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Shea Patterson gives Ole Miss stability at quarterback

EDITOR’S NOTE: This is the tenth of a 10-part series breaking down each position on Ole Miss’ football team entering fall camp. A different position will be featured each day leading up to the Rebels’ first day of practice today.

The start of Shea Patterson’s collegiate career has been anything but conventional.

In the 19 months since enrolling at Ole Miss amid much fanfare, the Rebels’ quarterback has seen the coach and the offensive coordinator he committed to leave. The original plan to spend his first season on campus watching and learning from Chad Kelly was scratched late last season when Kelly’s torn ACL forced Patterson into action, burning a year of his eligibility for the final three games.

Patterson admitted in the days after Hugh Freeze’s abrupt resignation last month stemming from the discovery of Freeze using a school-issued phone to make calls to numbers linked to escort services that it was a lot to digest. But the former five-star prospect is sticking around to give Ole Miss stability at the most important position on the field.

“I love this university. I love my teammates,” Patterson said. “With camp starting (Thursday), all I want to do is go out there and play with the brothers that I love and the game I love.”

Patterson joins Alabama’s Jalen Hurts, Georgia’s Jacob Eason and South Carolina’s Jake Bentley in what could be a strong sophomore quarterback class in the Southeastern Conference with a skill set that’s hard to teach.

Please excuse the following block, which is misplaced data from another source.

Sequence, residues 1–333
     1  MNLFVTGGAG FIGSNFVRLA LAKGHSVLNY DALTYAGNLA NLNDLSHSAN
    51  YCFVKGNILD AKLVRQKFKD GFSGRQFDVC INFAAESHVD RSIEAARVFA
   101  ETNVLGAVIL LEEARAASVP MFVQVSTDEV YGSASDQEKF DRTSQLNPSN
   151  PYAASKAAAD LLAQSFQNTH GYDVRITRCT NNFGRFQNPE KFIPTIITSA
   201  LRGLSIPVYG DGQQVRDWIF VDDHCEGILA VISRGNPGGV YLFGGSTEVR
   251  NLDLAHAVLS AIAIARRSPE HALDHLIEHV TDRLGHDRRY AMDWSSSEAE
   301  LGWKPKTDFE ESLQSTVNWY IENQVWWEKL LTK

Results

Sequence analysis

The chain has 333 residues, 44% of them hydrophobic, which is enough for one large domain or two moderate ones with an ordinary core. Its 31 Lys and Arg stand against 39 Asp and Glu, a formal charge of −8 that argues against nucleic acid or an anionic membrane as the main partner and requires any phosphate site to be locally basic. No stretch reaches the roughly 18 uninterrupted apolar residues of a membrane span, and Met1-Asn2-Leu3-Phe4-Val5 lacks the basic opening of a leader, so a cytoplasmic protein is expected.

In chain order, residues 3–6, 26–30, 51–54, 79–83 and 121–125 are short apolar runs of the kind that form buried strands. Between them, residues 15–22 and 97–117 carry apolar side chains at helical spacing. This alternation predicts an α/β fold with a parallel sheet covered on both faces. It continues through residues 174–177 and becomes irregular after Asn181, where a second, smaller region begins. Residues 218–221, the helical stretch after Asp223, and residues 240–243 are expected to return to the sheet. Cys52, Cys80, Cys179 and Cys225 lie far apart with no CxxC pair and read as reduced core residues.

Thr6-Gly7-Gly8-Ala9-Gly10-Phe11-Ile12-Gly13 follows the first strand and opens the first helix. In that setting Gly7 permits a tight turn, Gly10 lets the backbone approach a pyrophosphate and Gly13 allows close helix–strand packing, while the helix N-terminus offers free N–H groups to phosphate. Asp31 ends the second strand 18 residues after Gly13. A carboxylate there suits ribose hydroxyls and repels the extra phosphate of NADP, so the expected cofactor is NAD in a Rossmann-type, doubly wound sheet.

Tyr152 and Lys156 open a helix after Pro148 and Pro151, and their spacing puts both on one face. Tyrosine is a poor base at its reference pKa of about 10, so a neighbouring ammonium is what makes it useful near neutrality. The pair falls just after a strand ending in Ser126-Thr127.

A quick, compact release and accuracy are strengths of Patterson’s game. With a limited playbook to work with last season, Patterson still threw for 293 yards a game in his three starts with twice as many touchdowns (6) as interceptions (3), though he’ll look to improve on a completion percentage of 54.5.

It’s not just Patterson’s arm that’s capable of making plays. The 6-foot-2, 203-pounder showed an innate ability to escape pressure in the pocket, often turning broken plays into something positive with 169 rushing yards a season ago.

Backing up Patterson will be Jordan Ta’amu, who has experience beyond high school as a junior college transfer. Another signal caller with dual threats, Ta’amu, who accounted for 3,342 total yards and 39 touchdowns last season at New Mexico Military Institute, enrolled for spring practices and came along quickly in first-year coordinator Phil Longo’s offense to the point that coaches felt comfortable enough to move Jason Pellerin, last season’s backup quarterback, to tight end.

Running the second-team offense, Ta’amu went 6-for-11 for 188 yards while throwing one touchdown and running for another in the Rebels’ spring game.

Pellerin, who was used mainly as a runner in short-yardage and goal-line situations last season, could possibly return to his old position to provide depth if needed with true freshman Alex Faniel being the only other scholarship quarterback on the roster. A consensus three-star prospect, Faniel accounted for 1,787 yards of offense during his senior season at Glen Allen High (Virginia) despite missing part of it with an injury, but he’ll likely take a redshirt this fall barring any significant injuries to the more experienced quarterbacks in front of him.

Walk-ons Graham Lindman and Grant Restmeyer are the only other quarterbacks listed on the roster. Restmeyer redshirted last season while Lindman, a junior, joined the team in the spring.